Kafka Days of Awe (Yom Kippur)

According to Mishnah Yoma, the High Priest at the Temple would read, among other things, the Book of Job on the evening before Yom Kippur. It’s an odd choice, if only at first glance. In years previous I’ve read more obvious choices, ethical and/or penitential texts during the ten days between Rosh Hashanah and Yom Kippur. This year I tried to read Kafka, even though I think that Law is much more forgiving, at least in the short term.

I wish I had gotten around to reading more Kafka. But I wanted to share this doozy from the end of “The Judgment.” In the story, the protagonist is waiting for his ailing father to die, when the father stands up suddenly on his death bed and condemns his son to death by drowning. His verdict at the end is rendered, “So now you know what else there was in the world besides yourself, till now you’ve known only about yourself!”

This sounds almost like Levinas, even pious in its call to think past the isolated self. Just as pious is the judgment when the Law turns again, this one inscribed upon the body of the Officer in “The Penal Colony.” It’s the call “to be just.”

I’m not sure what I think about this. It’s been years since I’ve read Kafka. I am no longer of the belief that the victims who suffer the judgment of the law are ever innocent in Kafka’s tales. That was Buber’s point in his late essay about Kafka in the book “Knowledge of Man.”  Re-reading years ago “The Trial” after reading Buber, I was pretty much persuaded that Josef K. is guilty as hell. But I’m also a little disappointed. What strikes me now is how off putting it is to find such conventional ethical pieties in stories Kafka, of all things.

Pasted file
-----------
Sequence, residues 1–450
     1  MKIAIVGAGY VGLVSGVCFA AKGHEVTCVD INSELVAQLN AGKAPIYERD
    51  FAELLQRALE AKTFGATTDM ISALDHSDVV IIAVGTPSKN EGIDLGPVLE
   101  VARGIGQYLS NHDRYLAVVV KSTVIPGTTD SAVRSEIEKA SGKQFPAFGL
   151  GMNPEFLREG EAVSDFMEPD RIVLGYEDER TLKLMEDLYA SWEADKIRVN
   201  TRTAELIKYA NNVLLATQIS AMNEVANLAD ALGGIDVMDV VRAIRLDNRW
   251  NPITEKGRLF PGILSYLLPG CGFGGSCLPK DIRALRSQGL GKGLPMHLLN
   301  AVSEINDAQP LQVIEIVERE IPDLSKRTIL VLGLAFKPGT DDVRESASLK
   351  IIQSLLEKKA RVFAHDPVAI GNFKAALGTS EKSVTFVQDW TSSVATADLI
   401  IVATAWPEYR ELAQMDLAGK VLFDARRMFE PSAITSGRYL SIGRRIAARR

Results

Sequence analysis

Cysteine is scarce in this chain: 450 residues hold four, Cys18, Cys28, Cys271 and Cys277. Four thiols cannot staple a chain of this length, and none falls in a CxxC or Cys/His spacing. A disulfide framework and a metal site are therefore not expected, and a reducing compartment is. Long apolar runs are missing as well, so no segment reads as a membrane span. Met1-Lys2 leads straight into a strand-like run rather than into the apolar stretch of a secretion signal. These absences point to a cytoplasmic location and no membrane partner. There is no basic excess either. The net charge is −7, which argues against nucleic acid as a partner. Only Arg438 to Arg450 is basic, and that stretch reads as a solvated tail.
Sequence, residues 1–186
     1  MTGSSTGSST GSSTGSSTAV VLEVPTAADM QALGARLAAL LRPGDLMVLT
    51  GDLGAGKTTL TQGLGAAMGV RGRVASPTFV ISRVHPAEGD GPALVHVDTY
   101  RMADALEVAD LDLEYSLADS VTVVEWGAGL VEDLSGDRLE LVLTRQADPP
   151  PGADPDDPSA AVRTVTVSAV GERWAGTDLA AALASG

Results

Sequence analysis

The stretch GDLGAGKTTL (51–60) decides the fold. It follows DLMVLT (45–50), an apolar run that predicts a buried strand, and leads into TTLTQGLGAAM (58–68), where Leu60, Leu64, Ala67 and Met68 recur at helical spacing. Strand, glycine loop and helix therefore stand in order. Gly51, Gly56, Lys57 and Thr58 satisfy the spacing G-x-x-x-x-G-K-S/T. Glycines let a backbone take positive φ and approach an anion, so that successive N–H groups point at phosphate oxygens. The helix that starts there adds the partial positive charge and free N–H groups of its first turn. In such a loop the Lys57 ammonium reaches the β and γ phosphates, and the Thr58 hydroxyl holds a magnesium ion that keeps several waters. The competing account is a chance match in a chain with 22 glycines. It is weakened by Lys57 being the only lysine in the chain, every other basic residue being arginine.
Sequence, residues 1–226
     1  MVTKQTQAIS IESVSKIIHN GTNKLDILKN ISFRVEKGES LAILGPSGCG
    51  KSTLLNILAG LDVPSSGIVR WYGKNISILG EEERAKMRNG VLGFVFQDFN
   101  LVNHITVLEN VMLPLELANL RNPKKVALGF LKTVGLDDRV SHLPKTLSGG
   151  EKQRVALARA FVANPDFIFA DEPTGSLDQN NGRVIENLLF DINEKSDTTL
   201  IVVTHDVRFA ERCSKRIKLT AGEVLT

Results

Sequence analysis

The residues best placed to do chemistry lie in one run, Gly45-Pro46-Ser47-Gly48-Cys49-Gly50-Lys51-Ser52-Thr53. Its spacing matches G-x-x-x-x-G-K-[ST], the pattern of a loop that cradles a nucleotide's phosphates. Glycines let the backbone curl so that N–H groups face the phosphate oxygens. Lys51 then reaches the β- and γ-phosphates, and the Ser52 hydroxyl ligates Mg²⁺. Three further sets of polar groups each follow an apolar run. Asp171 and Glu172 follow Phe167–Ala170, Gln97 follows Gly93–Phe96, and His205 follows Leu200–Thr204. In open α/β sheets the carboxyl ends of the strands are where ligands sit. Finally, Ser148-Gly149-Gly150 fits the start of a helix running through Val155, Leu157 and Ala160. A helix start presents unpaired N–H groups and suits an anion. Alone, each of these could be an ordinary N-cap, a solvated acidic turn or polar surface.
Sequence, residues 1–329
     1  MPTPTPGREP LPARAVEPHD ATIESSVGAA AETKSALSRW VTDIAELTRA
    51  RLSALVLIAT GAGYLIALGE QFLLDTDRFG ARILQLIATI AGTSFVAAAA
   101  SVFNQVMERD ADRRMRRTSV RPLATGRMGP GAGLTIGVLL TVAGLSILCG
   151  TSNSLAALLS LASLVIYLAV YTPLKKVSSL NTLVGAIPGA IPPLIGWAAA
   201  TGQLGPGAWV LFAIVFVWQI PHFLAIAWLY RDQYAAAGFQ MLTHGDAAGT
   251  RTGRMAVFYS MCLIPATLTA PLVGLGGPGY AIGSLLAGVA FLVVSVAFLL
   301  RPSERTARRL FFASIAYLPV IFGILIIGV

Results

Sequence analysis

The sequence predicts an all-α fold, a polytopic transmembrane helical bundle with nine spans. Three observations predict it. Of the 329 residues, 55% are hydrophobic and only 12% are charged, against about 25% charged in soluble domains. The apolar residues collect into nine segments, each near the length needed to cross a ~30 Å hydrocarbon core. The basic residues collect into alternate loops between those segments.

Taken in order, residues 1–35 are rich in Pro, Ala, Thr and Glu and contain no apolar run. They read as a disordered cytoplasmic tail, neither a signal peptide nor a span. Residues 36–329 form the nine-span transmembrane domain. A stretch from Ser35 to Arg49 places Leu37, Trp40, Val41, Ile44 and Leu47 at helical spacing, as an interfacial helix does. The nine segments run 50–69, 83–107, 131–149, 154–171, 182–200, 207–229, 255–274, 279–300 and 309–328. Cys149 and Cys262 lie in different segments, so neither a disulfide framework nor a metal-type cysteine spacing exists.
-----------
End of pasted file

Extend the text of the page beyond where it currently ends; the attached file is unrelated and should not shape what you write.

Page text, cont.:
That said, I still think Kafka this time of year is a pretty good turn. Relevant to all this is what Franz Rosenzweig wrote, that “the people who wrote the Bible to all appearances thought of God similarly to Kafka. I have never read a book that so reminded me of the Bible as his novel The Castle. Reading it is therefore also no pleasure.”

[The image, by the way, is a reconstruction of a work by Duchamp that I saw at “Ghosts in the Machine” at the New Museum.]

About zjb

Zachary Braiterman is Professor of Religion in the Department of Religion at Syracuse University. His specialization is modern Jewish thought and philosophical aesthetics. http://religion.syr.edu
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1 Response to Kafka Days of Awe (Yom Kippur)

  1. Nitzan says:

    Taubes calls him in a letter “a modern Rashi.”

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